To produce the wiremarks 14, a plurality of substantially straight electro wires 30 is soldered to the surface of the dandy roll screen 28. These electro wires are randomly positioned on the dandy roll screen to run in the same direction as the wires forming the screen. The wire segments 30 are preferably the same diameter as the wire forming the screen 28. The length of the segments 30 will vary with the artist's conception of oxford cloth, but they will usually range from about 0.5 to 2 inches.
The shaded marks 16 are formed by pockets 32 in the dandy roll screen 28. Conventionally, recesses useful in forming shaded marks are formed in dandy roll screens by annealing the screen and locally deforming the screen to produce a recess by die-pressing. This technique cannot be used in simulating oxford cloth because the shaded mark which results is two to three times wider than the screen mesh. This is substantially broader than a typical oxford cloth imperfection. It is also a disadvantageous technique because the wire screen must be removed from the dandy roll to produce the recess. Accordingly, it was necessary to develop a means for producing recesses suitable for forming narrow shaded marks to accomplish the present invention.
In accordance with the present invention, narrow pockets 32 useful in simulating oxford imperfections are formed in the dandy roll screen by removing a segment of the wire forming the screen as shown in FIG. 3. This is accomplished by cutting the segment 40, which ranges from approximately 0.5 to 2 inch, from the screen and removing it. The ends 44 of the wire 45 having the segment 40 removed are pushed firmly into the wire screen so that pick outs will not occur as the dandy roll rides the paper stock. The screen forming wires 42 intersecting the removed segment 40 are left intact and an elongated pocket 32 is thereby provided in the space left by the removed segment which collects fiber. This produces a shaded mark which is of approximately the same width as the mesh of the wire screen.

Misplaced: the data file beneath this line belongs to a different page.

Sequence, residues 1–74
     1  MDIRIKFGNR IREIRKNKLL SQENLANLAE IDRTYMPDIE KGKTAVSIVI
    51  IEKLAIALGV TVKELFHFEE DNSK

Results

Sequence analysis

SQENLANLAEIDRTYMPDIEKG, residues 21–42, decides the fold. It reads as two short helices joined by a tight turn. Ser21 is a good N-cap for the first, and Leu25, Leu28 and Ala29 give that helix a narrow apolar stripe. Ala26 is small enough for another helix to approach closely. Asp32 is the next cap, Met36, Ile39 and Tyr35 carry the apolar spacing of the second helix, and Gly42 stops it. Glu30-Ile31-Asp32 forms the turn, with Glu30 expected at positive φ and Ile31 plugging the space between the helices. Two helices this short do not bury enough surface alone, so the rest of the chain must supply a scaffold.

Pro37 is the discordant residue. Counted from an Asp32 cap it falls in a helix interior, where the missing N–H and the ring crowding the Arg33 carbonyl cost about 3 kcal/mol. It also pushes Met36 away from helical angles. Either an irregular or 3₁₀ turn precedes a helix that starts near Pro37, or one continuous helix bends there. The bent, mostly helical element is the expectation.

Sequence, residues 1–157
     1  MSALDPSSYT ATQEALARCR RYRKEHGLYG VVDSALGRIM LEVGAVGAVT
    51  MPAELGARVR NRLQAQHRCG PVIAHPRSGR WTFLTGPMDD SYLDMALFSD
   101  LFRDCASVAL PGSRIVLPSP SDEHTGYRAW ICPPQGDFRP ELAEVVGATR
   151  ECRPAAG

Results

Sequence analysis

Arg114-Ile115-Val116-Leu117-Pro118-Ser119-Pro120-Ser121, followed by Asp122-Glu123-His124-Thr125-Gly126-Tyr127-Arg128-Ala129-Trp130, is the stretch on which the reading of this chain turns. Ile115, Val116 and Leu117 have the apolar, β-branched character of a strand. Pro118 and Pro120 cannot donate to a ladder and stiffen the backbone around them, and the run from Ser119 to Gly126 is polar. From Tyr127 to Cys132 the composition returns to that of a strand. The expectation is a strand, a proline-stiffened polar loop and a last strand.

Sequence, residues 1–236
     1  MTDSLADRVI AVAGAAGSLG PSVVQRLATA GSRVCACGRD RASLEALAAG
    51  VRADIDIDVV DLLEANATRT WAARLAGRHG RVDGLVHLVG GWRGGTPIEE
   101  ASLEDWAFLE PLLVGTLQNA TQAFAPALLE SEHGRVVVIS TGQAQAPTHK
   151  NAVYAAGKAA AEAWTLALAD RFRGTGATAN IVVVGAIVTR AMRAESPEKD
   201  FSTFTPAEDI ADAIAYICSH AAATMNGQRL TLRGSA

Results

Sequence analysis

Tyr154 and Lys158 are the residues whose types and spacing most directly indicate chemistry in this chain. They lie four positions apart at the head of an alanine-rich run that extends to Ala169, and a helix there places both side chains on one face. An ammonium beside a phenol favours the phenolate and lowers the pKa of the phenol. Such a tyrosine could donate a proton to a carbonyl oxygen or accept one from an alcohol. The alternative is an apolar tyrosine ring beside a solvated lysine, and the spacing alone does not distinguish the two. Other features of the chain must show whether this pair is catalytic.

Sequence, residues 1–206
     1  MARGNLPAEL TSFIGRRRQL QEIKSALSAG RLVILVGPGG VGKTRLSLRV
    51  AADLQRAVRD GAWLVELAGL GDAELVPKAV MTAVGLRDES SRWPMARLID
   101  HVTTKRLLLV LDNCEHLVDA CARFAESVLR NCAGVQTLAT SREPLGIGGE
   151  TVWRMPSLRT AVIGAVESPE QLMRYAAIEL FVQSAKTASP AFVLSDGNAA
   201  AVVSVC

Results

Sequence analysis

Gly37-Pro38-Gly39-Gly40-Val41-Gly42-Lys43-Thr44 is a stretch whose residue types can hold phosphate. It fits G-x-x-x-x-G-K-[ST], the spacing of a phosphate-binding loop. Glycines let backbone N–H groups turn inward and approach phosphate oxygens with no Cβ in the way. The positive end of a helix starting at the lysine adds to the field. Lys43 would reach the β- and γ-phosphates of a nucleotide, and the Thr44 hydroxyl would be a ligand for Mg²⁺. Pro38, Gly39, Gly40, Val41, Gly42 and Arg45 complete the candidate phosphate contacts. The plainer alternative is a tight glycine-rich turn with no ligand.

By randomly arranging the pockets 32 and the electro wire segments 30, a watermark which simulates oxford cloth can be obtained. The recesses and segments may run both circumferentially and longitudinally of the dandy roll and, as in any random arrangement, a number of the recesses 30 and/or electro wire segments 32 may intersect.
The intensity of the watermark can be controlled using conventional technique such as increasing the pressure of the dandy roll on the paper stock or by driving the dandy roll faster than the paper stock.
Having described the invention in detail and by reference to specific embodiments thereof, it will be apparent that numerous variations and modifications are possible without departing from the spirit and scope of the invention as defined by the following claims: